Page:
Secure your Java apps from end to end, Part 3

Build better networked applications

In this series, I have encouraged you to look at security from three different directions. In the first two articles, I focused on virtual machine security and application security. This month, I will discuss the final security context -- network security.

Network security deals with securing the communication channel between two entities so they can communicate -- each entity confident in the other's identity and in the integrity of the messages exchanged over the channel.

A number of reasons make building secure networked applications a challenge. The difficult subjects upon which modern security is built (such as cryptography) can sometimes confuse developers. Also puzzling are the opaque presentations of key standards and technologies -- such as the X.509 certificate standards. However, at the end of the day, network security is difficult because the characteristics of the network medium itself prove hard to understand. The following analogy illustrates why:

When we converse in everyday life, information about the party with whom we communicate comes through multiple mediums, such as sight and sound. We use this information to authenticate the other party's identity and to judge the channel's quality. Even when we converse over the phone, we can adeptly judge the identity of the party on the other end from nuances in tone, speed, and inflection, not to mention the conversation's context.

Communication over a medium such as the Internet provides far fewer clues. Imagine speaking with a friend in another room through a tin can telephone. Its poor signal quality obliterates many of the audible clues we use to identify each other. The tin can scenario resembles the situation that most applications experience on the Internet or other networks.

Security in the network context consists of authenticating the other entity over this anonymizing channel, and protecting the communicated information from eavesdropping and accidental or malicious modification.

I have written extensively about the tools and technologies used to secure communication at the network level (see Resources). I focus this article on practical guidelines to follow and issues to consider when designing and implementing a network security solution.

Understand what you want to protect

Designing a security solution begins with the information you need to protect. Moving financial transactions across the Internet requires much stronger security than downloading a Webpage full of last week's sports scores. When selecting the technology and creating a design, you should consider the following design issues:

  • Security adds complexity to a product's design and implementation, its installation and configuration, and often to the user interface. While security is usually a desirable feature, complexity is not. How much complexity are you willing to introduce in the name of security?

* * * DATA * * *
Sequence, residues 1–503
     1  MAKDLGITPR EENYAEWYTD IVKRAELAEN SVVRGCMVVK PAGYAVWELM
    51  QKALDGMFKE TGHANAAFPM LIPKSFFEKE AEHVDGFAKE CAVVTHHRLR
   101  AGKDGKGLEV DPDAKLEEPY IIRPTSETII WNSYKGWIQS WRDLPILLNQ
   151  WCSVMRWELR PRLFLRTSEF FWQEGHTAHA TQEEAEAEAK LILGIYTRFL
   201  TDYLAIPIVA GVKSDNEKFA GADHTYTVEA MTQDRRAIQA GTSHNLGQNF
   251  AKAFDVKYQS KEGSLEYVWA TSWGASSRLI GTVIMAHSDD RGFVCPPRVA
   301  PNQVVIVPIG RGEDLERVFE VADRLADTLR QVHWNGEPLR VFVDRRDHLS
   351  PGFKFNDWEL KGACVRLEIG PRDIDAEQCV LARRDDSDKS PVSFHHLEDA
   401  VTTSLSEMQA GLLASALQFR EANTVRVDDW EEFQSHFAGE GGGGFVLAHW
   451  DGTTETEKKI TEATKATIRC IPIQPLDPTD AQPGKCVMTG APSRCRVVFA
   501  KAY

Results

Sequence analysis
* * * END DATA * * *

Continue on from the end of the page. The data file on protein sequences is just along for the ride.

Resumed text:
• Security, particularly the encryption and decryption operations, is often a CPU-intensive process. Most desktop and server systems have more than enough horsepower to outrun the network, but resource-constrained devices such as cell phones and PDAs often lack that strength. Can your target platform handle the load?
  • Likewise, security increases application size. While not as critical in desktop and server settings, size remains a real concern in embedded applications, especially those built for the platforms the Java 2 Platform, Micro Edition (J2ME) targets. Once again, can your target platform handle the load?

    As an excellent case in point, the first version of the Mobile Information Device Profile lacked SSL (secure socket layer) support -- an essential component of an end-to-end Web security solution -- primarily because of the perception that SSL proves too heavy for mobile devices. In response to this concern, Vipul Gupta of Sun Microsystems Laboratories built a standards-compliant SSL implementation for J2ME. His work demonstrates that small devices can achieve acceptable SSL performance. Gupta's implementation achieves that goal because it supports only a reduced set of the most popular cipher suites, lacks support for client authentication by the server (an operation with a costly client-side component), and reuses expensive RSA (Rivest-Shamir-Adleman) computations across multiple connections to the same server. See Resources for more information.

Use the right technology

It almost goes without saying that selecting the right technology is important when implementing a network security solution. The choice affects the longevity and quality of the security offered as well as an application's ability to integrate into an existing security infrastructure. The JDK provides a broad range of security APIs. The following list will help you identify and select the right technology for your problem: